My orchid in bud February 11, 2015

I was excited to see the buds emerging in late January, since it hadn't bloomed in a few years.

I have it hanging on a frame of chicken wire near the West window

It isn't completely open here

Completely open looking like bees flying

Most people don't even know these little orchids exist. I have quite a few because I don't have a lot more room for plants. These hang over the kitchen sink and get plenty of humidity and light. I wrote about my other mini orchids here. If you ever get to an orchid sale, check out these little beauties!

Saturday, March 28, 2015

Plant Geek Day

I had a fabulous day today. My gardening friend from Ohio, Brenda Haas, came up and we visited some independent garden centers, the Michigan Orchid Show, and ended up at the Novi Home and Garden show, where I spoke at the Michigan Nursery and Landscape Association garden stage. What a fabulous plant geek day! Since I am all about the houseplants, I'll show you some of the orchids from the show and  houseplants I saw at the IGC.

Ivy topiary surrounded with golden baby's tears and a Tillandsia xerographica in the glass ball

I loved the topiary above and check out these framed wall planters, left,  filled with a fern and a trailing philodendron.

Gorgeous succulent

On to the Michigan Orchid Society show......(To find out about the Michigan Orchid Society, see their website here.)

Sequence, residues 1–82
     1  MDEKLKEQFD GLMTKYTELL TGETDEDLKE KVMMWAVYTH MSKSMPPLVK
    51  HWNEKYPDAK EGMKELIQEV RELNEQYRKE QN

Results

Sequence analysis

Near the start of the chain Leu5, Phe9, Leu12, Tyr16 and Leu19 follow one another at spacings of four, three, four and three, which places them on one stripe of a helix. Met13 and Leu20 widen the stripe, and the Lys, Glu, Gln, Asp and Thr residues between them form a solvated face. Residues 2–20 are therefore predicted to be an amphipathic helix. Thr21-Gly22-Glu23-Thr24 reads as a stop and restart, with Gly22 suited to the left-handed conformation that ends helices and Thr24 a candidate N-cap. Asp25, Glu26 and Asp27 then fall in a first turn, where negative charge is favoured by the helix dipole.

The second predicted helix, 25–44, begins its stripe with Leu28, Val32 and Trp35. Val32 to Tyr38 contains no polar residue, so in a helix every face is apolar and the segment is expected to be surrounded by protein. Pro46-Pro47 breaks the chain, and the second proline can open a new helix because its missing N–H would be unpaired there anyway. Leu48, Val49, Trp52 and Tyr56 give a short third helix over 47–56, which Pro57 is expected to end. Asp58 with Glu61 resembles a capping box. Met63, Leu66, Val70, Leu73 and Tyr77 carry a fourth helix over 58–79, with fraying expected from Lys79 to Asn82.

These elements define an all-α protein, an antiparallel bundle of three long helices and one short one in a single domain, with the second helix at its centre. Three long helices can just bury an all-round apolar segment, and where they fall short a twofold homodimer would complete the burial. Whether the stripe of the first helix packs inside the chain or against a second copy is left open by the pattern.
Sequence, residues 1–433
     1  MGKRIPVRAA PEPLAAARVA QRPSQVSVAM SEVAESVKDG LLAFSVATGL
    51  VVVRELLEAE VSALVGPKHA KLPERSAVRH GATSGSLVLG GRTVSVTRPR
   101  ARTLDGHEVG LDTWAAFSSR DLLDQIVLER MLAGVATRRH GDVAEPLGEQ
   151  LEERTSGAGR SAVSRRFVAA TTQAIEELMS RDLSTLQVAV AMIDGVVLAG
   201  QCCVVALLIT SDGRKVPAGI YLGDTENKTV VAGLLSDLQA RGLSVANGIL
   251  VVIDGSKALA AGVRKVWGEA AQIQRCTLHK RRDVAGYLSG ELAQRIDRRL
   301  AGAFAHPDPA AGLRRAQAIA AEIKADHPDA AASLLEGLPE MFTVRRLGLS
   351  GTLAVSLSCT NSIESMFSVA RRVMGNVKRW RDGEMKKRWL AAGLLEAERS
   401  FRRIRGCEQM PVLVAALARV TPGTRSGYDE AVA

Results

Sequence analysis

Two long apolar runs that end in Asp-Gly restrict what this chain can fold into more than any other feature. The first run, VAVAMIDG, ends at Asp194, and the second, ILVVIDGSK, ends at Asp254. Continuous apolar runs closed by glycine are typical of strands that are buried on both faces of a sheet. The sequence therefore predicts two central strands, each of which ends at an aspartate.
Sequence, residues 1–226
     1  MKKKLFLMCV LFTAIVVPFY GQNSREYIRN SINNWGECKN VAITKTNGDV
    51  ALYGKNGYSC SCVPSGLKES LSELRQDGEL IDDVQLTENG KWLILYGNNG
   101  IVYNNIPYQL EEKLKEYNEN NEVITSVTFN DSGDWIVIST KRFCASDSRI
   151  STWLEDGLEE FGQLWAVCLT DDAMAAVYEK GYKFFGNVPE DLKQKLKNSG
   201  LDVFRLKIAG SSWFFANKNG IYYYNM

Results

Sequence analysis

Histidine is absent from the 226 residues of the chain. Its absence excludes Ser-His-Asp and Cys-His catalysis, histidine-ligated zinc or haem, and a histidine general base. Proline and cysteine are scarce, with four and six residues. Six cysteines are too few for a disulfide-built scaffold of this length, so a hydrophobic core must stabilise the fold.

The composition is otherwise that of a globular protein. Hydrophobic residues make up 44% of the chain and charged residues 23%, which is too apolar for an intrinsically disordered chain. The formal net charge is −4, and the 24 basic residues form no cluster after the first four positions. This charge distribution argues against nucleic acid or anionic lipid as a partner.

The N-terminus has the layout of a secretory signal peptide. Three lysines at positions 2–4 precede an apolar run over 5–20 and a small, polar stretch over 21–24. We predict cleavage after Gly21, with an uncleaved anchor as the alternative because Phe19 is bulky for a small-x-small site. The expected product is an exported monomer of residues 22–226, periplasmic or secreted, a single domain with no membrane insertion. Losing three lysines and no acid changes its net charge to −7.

This sign greeted us as we walked in from a COLD Michigan day. And we proceeded on to the show....

There were so many orchids, we couldn't take it all in! And some of the displays smelled heavenly. I'm going to show you some of my favorites and you can see the rest on my Pinterest page.

Paphiopedilum malipoense

Epidendrum 'Princess Valley' x 'Nathan Kwan'

Oda. Harry Baldwin 'Orange King'
If you follow my Instagram or Facebook page, you know that orange flowers are my favorite. Well, this orchid was so gorgeous! The best thing about going to the judged show first, is that you then can see what you want to buy in the sale room. Unfortunately, the owner of this orchid told me that if he had one to sell, which he didn't, it would be $100 or more. Well, this picture is lovely and the only way I'm going to remember this orchid! Yikes!